Thursday, February 10, 2011

The Makeup of Becoming a Champion

The parallels of traits between successful business entrepreneurs and championship athletes are always present. And as a two-time national soccer champion on two different collegiate levels, I am a believer that there are certain characteristics that separate an athlete from a championship athlete.

How many of these traits listed apply to you, your athletes, your employees, or your co-workers? Do you have a champion in your office? Caution: These traits are sometimes best handled in small doses and not all at one time.

“Everyone tells me that the Italian championship is the toughest in the world, but I’m not afraid. In my career, I’ve always scored goals, wherever I’ve been.” – Ronaldo Luís Nazário de Lima

“Everybody on a championship team doesn’t get publicity, but everyone can say he’s a champion.” – Magic Johnson

“More than anything, I have learned a great deal about the amount of hard work and dedication that it takes to be a champion.” – Nadia Comaneci

Here are the 10 Degrees of Separation listed in no particular order:


Definition: wholly committed to something, as to an ideal, political cause, or personal goal

Not every day on the field is pretty. Not every day on the field is pain free. Not every day on that field is going to be flawless. But you have to stick through it every day through both the good and bad times to reach your end result.


Definition: having, compelled by, or ruled by intense emotion or strong feeling.

Having passion for the game that you are playing is crucial to your success. It’s not just something you do 9-5 or only 40 hours a week.  You not only do it every day because you have to, but because you want to.


Definition: belief in oneself and one’s powers or abilities; self-confidence; self-reliance; assurance.

This is the belief that you CAN do it.


Definition: making claims or pretensions to superior importance or rights; overbearingly assuming; insolently proud

This is the belief that no one else can do it, but you! This term receives such a negative implication, but sometimes a very necessary quality for successful athletes.


Definition: being under compulsion, as to succeed or excel.

What drives you to succeed?  The actual element that drives a champion can be different for each person, but that ingredient is always present. Every now and then this drive is a reflection of a rough childhood, maybe proving others wrong, or simply a competitive drive to win.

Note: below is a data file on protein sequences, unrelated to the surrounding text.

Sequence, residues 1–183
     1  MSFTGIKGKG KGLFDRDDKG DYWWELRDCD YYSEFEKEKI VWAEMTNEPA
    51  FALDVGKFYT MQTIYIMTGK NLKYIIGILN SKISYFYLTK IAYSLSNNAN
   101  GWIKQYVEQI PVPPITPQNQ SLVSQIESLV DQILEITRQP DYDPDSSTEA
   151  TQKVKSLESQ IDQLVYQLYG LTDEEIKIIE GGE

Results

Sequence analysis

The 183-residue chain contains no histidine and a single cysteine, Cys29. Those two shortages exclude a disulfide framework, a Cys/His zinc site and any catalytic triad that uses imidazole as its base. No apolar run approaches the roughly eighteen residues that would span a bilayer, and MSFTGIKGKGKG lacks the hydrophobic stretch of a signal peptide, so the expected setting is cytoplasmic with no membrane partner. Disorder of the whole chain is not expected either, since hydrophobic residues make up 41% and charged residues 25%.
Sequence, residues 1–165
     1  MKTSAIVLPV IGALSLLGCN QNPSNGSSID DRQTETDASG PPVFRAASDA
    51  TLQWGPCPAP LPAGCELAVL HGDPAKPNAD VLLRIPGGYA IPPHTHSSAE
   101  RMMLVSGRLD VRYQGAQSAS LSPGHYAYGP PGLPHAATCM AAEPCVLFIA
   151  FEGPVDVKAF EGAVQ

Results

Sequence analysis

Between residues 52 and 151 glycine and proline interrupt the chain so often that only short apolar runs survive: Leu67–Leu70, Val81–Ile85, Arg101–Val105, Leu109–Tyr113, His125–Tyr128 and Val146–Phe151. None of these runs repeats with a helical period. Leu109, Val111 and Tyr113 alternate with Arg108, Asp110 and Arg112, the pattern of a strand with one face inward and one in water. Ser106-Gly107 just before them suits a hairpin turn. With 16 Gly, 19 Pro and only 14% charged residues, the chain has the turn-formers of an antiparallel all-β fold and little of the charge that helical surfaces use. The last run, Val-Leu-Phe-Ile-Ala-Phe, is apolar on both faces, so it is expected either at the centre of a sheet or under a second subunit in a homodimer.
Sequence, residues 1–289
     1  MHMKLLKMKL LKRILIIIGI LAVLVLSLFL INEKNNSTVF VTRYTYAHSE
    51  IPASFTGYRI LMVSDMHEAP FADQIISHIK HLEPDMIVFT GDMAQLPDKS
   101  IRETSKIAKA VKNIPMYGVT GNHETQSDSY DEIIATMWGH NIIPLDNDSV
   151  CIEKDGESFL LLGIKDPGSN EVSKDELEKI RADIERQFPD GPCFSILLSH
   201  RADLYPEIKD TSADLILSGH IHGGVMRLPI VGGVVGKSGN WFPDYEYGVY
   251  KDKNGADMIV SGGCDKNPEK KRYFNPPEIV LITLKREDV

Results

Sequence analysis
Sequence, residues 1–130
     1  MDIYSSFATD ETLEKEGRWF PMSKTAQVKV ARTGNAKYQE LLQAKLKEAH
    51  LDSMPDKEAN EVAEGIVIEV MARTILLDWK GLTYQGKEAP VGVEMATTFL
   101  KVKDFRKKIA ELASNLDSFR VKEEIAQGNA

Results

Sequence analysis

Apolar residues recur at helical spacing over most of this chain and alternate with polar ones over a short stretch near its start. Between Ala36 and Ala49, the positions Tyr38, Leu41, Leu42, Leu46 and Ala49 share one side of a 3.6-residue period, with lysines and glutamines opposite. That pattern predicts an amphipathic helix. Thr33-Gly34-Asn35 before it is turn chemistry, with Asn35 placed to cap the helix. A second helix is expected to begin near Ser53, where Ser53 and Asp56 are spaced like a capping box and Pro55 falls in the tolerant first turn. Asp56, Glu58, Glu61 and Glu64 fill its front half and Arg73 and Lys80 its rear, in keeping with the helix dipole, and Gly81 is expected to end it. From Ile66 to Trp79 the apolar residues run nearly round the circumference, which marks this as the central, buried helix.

Definition: devoted to or caring only for oneself; concerned primarily with one’s own interests, benefits, welfare, etc., regardless of others.

An intelligent call has to be made on behalf of an athlete about when to be selfish in the moment of the game; this includes when to take the ball themselves, not pass to a teammate, and just shoot for the goal.


Definition: a distressing emotion aroused by impending danger, evil, pain, etc., whether the threat is real or imagined; the feeling or condition of being afraid.

This includes: the fear of a coach, the fear of losing, the fear of an opponent, and the looming fear of failure. These can become incredible driving forces for achievement.


Definition: the act or power of anticipating that which will or may come to be.

There are just some athletes you watch in awe as you enjoy their ability to have amazing vision of the field. You also have to know what you want, your own vision for yourself before you can make it a reality.


Definition: having little or no concern for oneself, especially with regard to fame, position, money, etc.

While it is important to be selfish, the opposite is also true. Despite the fact that finding balance might be difficult, this is where ultimate success may lie.


Definition: esteem for or a sense of the worth or excellence of a person, a personal quality or ability, or something considered as a manifestation of a personal quality or ability.

Holds true for respect for yourself as well as respect for others.

10 traits actually make for a very short list of characteristics. What traits do you feel are missing from this list that should have been included and why?

written by Kristen Sonsma

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